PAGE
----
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Christopher Butler, CNBC News Intern & CAMD Student

Northeastern student Christopher Butler, a third-year Journalism major with a minor in Psychology, spent his fall semester on co-op with the reputable television network CNBC, the world leader in business news and real-time financial market coverage. We caught up with Christopher to learn how he keeps up with breaking news, balancing his workload while working in two different departments, and the excitement behind story-telling. Read more below.

How did you prepare for your role at CNBC?
I started keeping up with what they were reporting on by reading articles and watching clips from their broadcast—so I could get a sense of what they cover and so I could generate some ideas about what I wanted to cover. Since it was my first co-op I didn’t exactly know how else to prepare or what to expect.
What does a typical day at CNBC look like for you?
I work in two different departments for CNBC. Two days a week I work with the breaking news desk, and three days a week I worked within special reports. With the news desk, I attend daily meetings, accumulate the day’s guest list, and help put together scripts for the “News Now” segment. But primarily, I help the producers prepare segments for breaking news, so every day is very different. With special reports, I pitch and write longer feature articles that go up on CNBC’s website.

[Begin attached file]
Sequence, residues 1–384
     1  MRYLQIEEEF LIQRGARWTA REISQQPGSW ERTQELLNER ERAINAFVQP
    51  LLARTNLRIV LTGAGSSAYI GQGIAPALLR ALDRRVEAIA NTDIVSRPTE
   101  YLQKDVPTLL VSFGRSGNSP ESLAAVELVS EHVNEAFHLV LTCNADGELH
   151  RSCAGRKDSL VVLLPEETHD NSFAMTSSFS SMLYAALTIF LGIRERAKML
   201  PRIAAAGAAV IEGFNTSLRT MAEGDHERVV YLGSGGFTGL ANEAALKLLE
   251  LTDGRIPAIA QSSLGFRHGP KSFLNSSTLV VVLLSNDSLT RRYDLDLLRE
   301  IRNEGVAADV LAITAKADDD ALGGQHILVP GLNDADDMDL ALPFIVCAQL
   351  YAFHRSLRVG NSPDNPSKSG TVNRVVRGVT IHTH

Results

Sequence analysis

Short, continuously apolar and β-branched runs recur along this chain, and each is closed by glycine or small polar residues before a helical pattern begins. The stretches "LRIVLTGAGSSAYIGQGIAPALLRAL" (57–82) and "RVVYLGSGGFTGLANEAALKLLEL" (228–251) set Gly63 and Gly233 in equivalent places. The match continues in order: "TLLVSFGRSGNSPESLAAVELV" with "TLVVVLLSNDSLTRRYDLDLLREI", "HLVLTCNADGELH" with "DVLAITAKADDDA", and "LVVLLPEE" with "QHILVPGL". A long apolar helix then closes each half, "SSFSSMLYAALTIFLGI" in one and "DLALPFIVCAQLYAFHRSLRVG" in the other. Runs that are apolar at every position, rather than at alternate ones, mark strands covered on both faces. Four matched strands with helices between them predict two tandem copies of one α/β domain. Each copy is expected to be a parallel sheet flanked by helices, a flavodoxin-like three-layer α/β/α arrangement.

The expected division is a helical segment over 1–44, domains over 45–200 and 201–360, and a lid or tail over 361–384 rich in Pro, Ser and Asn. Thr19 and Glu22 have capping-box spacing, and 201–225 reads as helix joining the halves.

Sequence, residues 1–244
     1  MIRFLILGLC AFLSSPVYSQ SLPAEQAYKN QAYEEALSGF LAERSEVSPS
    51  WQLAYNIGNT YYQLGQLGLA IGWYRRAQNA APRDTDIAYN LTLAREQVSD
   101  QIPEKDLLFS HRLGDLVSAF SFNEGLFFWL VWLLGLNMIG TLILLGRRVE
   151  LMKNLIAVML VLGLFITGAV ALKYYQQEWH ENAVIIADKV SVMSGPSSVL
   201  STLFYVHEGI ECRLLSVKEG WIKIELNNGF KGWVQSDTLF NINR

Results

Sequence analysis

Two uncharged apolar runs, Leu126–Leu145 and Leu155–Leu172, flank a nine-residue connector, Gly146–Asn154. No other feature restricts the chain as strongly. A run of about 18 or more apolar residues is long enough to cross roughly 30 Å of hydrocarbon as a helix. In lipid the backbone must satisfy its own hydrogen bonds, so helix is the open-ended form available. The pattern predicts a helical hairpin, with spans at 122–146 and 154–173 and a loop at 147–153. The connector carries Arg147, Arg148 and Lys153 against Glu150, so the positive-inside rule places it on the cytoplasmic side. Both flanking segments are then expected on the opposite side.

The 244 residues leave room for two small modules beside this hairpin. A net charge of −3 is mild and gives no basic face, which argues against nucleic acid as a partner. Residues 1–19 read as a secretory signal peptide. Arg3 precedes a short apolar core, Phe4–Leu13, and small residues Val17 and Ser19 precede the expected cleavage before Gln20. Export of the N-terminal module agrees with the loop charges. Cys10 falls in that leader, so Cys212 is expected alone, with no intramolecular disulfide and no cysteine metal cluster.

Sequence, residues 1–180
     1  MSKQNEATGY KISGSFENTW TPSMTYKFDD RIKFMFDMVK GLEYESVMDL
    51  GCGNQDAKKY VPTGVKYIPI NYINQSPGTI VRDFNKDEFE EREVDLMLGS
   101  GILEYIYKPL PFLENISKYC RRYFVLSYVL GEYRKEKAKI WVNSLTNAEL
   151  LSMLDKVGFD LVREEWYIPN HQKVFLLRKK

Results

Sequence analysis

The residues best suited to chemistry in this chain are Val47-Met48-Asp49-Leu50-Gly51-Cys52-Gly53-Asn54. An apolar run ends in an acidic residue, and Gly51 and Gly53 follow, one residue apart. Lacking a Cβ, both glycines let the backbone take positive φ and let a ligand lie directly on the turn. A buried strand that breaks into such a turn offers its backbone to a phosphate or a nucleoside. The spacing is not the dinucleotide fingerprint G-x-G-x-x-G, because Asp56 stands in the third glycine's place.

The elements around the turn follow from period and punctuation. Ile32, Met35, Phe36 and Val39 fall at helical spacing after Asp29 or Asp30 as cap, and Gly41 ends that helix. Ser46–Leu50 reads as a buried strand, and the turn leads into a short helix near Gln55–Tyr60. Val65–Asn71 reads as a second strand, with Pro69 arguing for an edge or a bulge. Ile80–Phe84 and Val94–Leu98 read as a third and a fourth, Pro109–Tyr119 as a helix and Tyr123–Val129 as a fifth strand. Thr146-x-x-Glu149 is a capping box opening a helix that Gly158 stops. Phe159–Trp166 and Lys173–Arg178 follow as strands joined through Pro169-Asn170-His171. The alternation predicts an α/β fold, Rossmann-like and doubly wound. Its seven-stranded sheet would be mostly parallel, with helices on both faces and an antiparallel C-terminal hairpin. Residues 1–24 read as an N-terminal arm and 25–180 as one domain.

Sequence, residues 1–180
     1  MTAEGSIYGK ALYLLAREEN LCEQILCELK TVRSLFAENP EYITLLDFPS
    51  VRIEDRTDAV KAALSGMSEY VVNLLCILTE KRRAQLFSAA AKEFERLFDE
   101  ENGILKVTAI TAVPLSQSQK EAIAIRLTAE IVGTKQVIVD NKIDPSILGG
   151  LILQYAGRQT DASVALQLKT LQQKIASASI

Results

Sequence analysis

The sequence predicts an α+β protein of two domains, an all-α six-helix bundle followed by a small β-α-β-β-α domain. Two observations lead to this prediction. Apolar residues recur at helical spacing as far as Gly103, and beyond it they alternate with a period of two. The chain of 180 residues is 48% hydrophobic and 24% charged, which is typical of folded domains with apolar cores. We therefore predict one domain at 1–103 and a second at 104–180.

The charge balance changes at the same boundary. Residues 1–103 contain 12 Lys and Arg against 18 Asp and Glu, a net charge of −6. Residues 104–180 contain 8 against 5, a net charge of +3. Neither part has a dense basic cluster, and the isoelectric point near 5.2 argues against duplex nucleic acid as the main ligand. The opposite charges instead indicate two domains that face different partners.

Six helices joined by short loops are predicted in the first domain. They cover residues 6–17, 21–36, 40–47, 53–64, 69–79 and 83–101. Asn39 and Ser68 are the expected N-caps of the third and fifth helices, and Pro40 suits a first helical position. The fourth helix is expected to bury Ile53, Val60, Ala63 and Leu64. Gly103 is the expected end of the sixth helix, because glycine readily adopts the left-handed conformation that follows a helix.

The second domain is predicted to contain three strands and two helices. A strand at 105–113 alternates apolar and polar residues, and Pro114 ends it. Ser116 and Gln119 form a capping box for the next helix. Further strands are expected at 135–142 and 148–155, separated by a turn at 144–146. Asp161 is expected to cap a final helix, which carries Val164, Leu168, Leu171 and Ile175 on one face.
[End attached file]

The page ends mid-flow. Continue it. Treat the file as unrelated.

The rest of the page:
What’s your creative process for writing and pitching stories?
To be honest, my writing process changes from story to story. With some stories, I gather all of the information, put together an outline for the story, and plan what I’d write before I even sit down at my computer. With others, I essentially “word-vomit” onto a document based on the information I have, then figure out my plan once I’m done with the writing. It really depends on how much information I have on the story and whether or not I know where I want to go with it.
“Sometimes, the best plan for a story is to have no plan.”
What is the most important thing you’ve learned at CNBC?
Since CNBC is a business news outlet, I learned a lot about business and business journalism. Before my co-op, business news wasn’t something I knew much about or had much experience in, so CNBC was an opportunity for me to learn more about that field. As college students, we don’t get a ton of exposure to that sector of journalism, so I’m really glad I now have that experience. Even if I don’t end up in business news, working at CNBC has solidified that I’m going into the right field. I’ve gotten to see first hand what it’s like to work in a real newsroom and how to do real reporting for an established news outlet.
What is your final message to students who are applying for a co-op or internship? 
“Go with your gut.”
You know which co-op(s) you genuinely want, so aim for those and don’t sell yourself short.